Patience is not a quality that I demonstrate very well, but I can respect the holy merit of patient waiting. Advent is the season where Christians wait, long, and prepare for the birth of their Messiah, Jesus Christ. In Judaism, we too long for the Messiah, who has historically been described as a prominent political or military figure, similar to King David, who will usher in a great period of peace and harmony. This long-standing image has sustained the Jewish people for thousands of years, but what if our Biblical understanding of the Messiah does not match our modern-day needs for what constitutes a Savior? Perhaps we are not looking in the right direction.
After what has been one of the most socially and politically turbulent periods in recent American history, I have no problem admitting that I am sick and tired of waiting and longing for a more holy, peaceful and just time. While I feel as though much has been done to seize the emotional and spiritual momentum surrounding many of the tragic events that occurred this past year, we cannot wait to push forward for the social justice that we as a country and religious community deserve. We can no longer passively wait for fundamental rights such as due process, a fair trial in a court of law (one where the decision has not already been decided by a Kangaroo Court) the right not to be racially profiled, and the right to marry whomever one is lucky enough to fall in love with, regardless of their sex, orientation, or identity.
What if the protest movements that have spawned out of the memory of Michael Brown’s death and all the other countless, senseless murders at the hands of police offers are Messianic in nature? Now, I will be careful not to say that Michael Brown was the Messiah, but what if today’s social justice movements are helping to bring about the end of times as we know it; the end of institutionalized racism and social discrimination and the beginning of true, honest, and holy racial, ethnic, religious, gender, economic, educational and sexual equality?
While I cringe at the awkward, ignorant comments that some in the mostly white community have made regarding the state of race relations such as, “Racism isn’t as bad as it used to be,” or “With civil rights and affirmative action, what else do minorities want?” I could not be more proud of the countless ministers, imams, priests, rabbis, cantors, and other religious leaders who have stood up, raised their voices, and joined the protests affirming that black lives do indeed matter. We owe it to ourselves and the founding principles of this country to show our support and add to the power of the protest movement. There has not been an issue that has galvanized so many and so strongly since the original Civil Rights movement of the 1960’s.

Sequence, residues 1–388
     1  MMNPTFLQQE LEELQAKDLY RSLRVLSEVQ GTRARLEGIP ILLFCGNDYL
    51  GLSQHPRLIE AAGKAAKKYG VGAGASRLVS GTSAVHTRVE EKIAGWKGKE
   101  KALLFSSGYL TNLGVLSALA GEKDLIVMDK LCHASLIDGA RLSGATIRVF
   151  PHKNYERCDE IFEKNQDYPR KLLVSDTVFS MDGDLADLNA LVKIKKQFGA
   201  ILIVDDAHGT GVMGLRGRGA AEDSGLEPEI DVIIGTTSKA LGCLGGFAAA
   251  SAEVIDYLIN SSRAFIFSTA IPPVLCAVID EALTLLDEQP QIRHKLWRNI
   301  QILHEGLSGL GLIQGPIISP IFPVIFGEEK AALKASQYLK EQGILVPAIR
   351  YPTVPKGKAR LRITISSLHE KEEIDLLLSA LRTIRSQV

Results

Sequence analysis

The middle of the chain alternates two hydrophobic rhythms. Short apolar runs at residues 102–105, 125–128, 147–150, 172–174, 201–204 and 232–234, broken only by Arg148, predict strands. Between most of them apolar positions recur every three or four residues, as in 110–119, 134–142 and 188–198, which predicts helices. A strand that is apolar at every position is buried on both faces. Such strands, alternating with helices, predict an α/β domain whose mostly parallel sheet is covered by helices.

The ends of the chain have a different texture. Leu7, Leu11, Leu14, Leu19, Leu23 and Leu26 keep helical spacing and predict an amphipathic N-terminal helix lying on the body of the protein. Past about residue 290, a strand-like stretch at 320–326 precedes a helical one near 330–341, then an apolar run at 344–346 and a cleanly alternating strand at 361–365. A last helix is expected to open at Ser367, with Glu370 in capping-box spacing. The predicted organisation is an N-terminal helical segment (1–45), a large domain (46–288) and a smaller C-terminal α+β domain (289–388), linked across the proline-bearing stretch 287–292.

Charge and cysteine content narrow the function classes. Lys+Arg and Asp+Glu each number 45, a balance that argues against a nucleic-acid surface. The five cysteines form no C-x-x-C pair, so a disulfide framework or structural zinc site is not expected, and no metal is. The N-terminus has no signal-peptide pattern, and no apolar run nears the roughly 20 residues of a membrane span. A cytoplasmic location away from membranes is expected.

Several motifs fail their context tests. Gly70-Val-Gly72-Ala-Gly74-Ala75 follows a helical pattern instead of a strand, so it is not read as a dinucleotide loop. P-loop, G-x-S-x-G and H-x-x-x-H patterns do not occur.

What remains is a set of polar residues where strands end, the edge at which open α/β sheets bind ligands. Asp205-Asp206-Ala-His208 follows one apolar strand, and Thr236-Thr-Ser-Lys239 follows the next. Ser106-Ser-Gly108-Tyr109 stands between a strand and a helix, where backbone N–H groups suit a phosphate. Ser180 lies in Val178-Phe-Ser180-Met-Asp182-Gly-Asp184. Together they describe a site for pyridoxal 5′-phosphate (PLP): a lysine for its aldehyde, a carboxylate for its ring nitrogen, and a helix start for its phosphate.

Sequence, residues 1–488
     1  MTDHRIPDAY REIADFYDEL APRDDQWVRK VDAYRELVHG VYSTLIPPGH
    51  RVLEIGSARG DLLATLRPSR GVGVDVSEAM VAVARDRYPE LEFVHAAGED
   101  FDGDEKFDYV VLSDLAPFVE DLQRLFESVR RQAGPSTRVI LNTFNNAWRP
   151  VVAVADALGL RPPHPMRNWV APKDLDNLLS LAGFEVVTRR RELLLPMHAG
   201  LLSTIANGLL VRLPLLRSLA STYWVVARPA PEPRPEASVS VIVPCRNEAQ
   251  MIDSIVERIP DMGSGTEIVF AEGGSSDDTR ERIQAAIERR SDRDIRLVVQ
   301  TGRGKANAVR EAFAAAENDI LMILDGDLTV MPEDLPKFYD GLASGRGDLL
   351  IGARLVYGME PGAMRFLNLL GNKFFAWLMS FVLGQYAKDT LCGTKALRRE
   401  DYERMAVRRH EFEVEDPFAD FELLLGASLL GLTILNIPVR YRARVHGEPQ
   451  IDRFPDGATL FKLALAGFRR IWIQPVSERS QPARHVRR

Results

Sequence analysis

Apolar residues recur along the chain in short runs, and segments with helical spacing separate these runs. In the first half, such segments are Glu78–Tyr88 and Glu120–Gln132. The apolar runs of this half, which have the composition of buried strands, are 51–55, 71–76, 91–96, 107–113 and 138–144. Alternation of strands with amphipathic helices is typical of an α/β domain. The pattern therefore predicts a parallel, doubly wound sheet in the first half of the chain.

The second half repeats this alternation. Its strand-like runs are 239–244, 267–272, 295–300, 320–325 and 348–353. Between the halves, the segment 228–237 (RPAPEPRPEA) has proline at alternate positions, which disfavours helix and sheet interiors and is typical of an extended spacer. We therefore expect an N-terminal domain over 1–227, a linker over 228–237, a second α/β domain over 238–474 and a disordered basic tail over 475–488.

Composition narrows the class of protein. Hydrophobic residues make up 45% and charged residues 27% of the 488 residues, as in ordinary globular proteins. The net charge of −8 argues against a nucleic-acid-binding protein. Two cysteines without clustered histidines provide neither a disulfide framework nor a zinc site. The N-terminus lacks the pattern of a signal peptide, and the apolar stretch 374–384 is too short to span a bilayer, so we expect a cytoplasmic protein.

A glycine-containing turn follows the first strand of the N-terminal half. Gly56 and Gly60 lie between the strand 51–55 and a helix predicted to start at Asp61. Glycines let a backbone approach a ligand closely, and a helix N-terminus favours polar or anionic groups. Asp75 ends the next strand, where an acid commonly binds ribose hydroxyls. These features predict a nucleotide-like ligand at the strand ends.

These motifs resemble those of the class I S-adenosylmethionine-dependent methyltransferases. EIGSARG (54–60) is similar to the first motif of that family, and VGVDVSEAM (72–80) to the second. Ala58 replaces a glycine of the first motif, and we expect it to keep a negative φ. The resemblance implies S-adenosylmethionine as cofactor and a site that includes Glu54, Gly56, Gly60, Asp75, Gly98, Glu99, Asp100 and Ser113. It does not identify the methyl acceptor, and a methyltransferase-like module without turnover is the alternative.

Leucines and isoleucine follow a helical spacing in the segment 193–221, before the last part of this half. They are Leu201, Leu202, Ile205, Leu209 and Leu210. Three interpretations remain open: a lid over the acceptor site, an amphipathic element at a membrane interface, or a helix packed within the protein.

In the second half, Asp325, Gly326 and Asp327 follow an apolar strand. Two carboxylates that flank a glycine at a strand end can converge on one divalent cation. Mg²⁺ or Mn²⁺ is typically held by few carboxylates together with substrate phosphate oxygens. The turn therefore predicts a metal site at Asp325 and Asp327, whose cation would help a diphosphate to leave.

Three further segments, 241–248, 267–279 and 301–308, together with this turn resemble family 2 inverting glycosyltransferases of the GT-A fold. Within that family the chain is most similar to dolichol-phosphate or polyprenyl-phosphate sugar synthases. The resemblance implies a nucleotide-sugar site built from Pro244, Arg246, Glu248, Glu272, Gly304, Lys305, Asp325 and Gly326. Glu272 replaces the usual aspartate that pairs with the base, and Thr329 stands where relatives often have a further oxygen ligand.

I am a prudent, moderate liberal, who believes in calculated but steady social reform. However, as much as I am often confused by the methods of the radicals, I cannot help but admire their courage, envy their zest, and begrudgingly respect their hopeful appeal for true, sweeping systematic change. The successful marriage equality protests outside many of the State Supreme Courts and the peaceful marches in the streets of Ferguson, all over New York City, and throughout America regarding the cry for equality and justice are awe inspiring. The entire country is watching, and the whole world is taking notice. Please keep up the fight!
We must individually act like small, anointed leaders and mindful Saviors who will help change this country and usher in a new order, a new reality that works to erase the division that defines our two tier legal justice systems. Whether it involves same-sex marriage or racial equality, we must fight to counter the modern “Separate but Equal” policies that still adversely affect so many throughout this country. Yes, this was an exhausting summer and an emotionally challenging year, but the traumas of 2014 have awoken us to stand tall, make our voices heard, and demand justice where it does not exist. I am unsure what exactly the next step is in this pursuit, but we cannot lose the momentum. The current fight for human rights is more than just a passing fad; it could alter the fabric of our society for the better and be the crowning achievement of the Millennial Generation. Since we cannot wait for another King, David or Martin Luther, to accomplish this, we must find the Savior from within because none of us has another Advent to wait for human rights.
Image courtesy of the Washington DC Public Library